Meeting laments “very poor quality of service from ocean carriers”

Debate at the recent BIR Paper Division webinar was dominated by an issue of paramount importance to recyclers of all commodities, namely disruption to global logistics.


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Paper Recycling
 
November 12 2021
 
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During the webinar on November 10, guest speaker Florent Noblet, Deputy Managing Director at French transport and logistics trade body Union TLF as well as Managing Director TLF Overseas, characterized the period since the onset of Covid-19 as one of shipping delays, blank sailings, roll-overs, port congestion and surging freight rates. Against this “completely unprecedented” backdrop, customers “are suffering from a very poor quality of service from the ocean carriers,” he remarked.

Major ocean carriers have faced problems over a number of years with overcapacity, high levels of debt and a lack of operational profitability. Thus, when the pandemic began to impact global trade in the first half of 2020, vessels were scrapped or discarded in a bid to adjust capacities, but subsequent renewed growth in shipping demand has caused “total disruption in the maritime supply chain.” And Noblet added, “We have to face the fact that this situation will last at least until the end of next year and maybe the most part of 2023.”

The nine leading ocean carriers account for an estimated 98 percent of the global sea freight market and have significant political power on their side, particularly within Europe, contended Noblet. In the USA, meanwhile, the government has looked to be “more proactive” such as through an audit of carriers in a bid to prevent any demurrage/detention cost and surcharge abuses.

In response to the guest presentation, BIR Past President and former Paper Division President Ranjit Baxi said that freight rates soared more than 300% between September 2019 and October 2021. He called for the formation of a Global Shippers Alliance so as better to defend the interests of customers like the recycling industry. “At the moment, we shippers haven’t got a voice,” he complained.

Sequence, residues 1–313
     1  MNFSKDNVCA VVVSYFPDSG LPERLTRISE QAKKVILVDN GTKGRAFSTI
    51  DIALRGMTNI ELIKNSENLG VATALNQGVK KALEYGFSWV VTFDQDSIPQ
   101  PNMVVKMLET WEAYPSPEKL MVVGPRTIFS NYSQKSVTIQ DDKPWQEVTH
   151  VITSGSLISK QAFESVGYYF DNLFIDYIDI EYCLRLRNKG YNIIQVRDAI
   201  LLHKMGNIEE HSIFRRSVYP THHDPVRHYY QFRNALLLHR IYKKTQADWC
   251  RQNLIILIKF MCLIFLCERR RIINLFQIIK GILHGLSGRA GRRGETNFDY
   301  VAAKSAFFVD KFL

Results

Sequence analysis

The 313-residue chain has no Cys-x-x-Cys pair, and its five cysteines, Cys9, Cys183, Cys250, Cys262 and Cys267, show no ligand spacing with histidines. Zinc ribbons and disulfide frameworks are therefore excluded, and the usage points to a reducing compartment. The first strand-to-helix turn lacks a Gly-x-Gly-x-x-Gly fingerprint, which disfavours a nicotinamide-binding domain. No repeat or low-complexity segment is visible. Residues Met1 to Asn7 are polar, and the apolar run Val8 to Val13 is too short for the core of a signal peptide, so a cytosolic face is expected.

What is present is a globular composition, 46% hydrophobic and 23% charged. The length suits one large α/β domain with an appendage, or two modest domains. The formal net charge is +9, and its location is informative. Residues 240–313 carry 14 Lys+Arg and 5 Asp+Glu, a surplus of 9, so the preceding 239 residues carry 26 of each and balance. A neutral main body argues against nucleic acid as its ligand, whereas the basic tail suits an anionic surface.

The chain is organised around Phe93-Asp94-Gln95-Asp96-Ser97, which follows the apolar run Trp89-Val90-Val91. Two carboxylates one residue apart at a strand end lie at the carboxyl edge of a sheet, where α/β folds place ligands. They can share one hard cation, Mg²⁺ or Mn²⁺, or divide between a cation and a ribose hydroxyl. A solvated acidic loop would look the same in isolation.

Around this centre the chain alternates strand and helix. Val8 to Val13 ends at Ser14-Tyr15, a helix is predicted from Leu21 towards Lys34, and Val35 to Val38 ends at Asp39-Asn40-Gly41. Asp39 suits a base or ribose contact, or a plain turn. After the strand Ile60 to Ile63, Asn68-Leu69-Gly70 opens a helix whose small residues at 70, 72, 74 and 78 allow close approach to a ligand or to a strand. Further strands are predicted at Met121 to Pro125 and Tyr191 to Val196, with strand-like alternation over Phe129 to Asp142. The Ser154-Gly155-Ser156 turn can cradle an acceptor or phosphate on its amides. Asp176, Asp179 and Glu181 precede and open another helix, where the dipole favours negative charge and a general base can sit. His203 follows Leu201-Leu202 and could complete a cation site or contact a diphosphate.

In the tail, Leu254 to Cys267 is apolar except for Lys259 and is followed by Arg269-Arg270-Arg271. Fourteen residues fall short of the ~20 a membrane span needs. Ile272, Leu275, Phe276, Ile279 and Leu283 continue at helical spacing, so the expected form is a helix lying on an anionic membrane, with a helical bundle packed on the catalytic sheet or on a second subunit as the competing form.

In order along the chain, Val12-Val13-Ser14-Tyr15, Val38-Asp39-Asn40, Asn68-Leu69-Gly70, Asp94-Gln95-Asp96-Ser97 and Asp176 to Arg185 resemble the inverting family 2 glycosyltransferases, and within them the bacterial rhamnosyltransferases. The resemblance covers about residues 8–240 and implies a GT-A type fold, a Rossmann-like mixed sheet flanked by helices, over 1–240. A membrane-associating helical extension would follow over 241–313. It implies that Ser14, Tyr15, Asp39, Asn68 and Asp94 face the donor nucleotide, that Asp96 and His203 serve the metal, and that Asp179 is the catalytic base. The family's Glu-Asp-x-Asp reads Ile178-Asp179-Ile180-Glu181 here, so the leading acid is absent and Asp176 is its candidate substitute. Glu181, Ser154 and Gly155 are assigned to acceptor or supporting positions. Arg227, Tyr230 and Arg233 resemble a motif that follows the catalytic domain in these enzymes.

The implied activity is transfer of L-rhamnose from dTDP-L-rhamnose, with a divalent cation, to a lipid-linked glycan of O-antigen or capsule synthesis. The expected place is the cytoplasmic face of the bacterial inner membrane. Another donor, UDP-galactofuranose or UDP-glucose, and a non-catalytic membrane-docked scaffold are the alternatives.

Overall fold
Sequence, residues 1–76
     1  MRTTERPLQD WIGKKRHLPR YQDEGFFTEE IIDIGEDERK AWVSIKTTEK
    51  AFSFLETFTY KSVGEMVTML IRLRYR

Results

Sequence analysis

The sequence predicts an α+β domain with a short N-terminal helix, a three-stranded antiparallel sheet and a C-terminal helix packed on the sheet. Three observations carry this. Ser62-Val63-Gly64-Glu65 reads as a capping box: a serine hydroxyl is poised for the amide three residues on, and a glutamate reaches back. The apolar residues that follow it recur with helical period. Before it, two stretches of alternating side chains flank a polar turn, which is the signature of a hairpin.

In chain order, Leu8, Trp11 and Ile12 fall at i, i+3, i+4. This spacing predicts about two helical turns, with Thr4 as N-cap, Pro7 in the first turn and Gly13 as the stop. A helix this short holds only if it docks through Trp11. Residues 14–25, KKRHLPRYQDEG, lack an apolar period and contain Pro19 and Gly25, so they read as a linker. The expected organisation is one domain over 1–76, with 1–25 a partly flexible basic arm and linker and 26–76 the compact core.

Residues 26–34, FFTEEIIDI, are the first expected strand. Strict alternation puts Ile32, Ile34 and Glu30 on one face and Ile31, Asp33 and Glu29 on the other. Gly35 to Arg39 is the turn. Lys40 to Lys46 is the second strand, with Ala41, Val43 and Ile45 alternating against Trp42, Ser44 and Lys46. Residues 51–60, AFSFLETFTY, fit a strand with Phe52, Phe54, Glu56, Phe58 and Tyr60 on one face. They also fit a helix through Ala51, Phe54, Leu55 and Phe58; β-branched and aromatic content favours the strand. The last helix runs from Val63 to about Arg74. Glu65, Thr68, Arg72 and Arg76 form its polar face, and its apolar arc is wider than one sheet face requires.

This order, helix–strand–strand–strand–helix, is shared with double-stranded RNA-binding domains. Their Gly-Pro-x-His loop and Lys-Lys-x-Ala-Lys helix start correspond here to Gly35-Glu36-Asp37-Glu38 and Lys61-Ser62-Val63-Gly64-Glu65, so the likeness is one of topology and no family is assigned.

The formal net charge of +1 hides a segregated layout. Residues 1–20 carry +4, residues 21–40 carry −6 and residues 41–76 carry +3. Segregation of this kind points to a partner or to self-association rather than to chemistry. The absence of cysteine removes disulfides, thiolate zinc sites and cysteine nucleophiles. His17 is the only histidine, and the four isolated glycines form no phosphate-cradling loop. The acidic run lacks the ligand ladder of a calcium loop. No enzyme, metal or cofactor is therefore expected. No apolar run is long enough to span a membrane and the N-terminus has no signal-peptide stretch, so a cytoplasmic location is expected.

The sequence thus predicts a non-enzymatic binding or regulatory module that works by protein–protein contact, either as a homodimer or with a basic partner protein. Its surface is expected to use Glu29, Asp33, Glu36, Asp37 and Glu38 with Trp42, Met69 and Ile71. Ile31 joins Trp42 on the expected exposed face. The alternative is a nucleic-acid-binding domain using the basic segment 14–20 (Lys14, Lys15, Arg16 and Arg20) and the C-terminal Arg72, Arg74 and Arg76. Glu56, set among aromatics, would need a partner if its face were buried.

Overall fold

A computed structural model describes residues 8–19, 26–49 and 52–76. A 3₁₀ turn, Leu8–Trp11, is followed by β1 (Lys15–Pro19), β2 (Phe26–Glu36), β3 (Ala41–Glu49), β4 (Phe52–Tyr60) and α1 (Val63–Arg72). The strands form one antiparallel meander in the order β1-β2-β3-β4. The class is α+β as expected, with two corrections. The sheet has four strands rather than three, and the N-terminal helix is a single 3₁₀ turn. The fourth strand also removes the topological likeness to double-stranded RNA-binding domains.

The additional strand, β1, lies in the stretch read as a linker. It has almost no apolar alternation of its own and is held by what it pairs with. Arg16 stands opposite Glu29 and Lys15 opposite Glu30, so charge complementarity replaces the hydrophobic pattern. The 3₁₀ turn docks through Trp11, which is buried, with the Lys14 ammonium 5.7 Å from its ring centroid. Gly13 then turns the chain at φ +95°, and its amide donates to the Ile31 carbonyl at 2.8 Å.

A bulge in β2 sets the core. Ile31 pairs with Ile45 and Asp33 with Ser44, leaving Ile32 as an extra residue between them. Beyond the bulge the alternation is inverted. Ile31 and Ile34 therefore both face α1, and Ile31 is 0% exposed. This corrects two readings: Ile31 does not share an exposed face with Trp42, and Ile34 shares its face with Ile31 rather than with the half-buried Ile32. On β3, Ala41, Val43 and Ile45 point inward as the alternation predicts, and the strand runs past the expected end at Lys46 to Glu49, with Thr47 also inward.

Noblet confirmed that his own organisation is looking to highlight the difficulties encountered by customers through its lobbying at the national and EU level. “We say to the public authorities that the situation cannot continue - especially for small and medium-sized shippers, some of whom cannot already afford to pay US$ 16,000 or US$ 18,000 per container,” he told the panel discussion moderated by Francisco Donoso and also by Sébastien Ricard of Paprec.

Martin Šoth of Austria-based Pieringer Abfall Verwertung GmbH added higher energy costs to the list of challenges facing industry at present, while also confirming delivery delays as a consequence of problems in securing vessels, containers and trucks.

The event also brought the announcement that, after four years as divisional President, Jean-Luc Petithuguenin of France-based Paprec has been succeeded in the post by Francisco Donoso of ALBA Servicios Verdes in Spain. Having thanked his predecessor for his efforts on behalf of the sector, Donoso underlined the importance of adapting and improving to meet new challenges.

 

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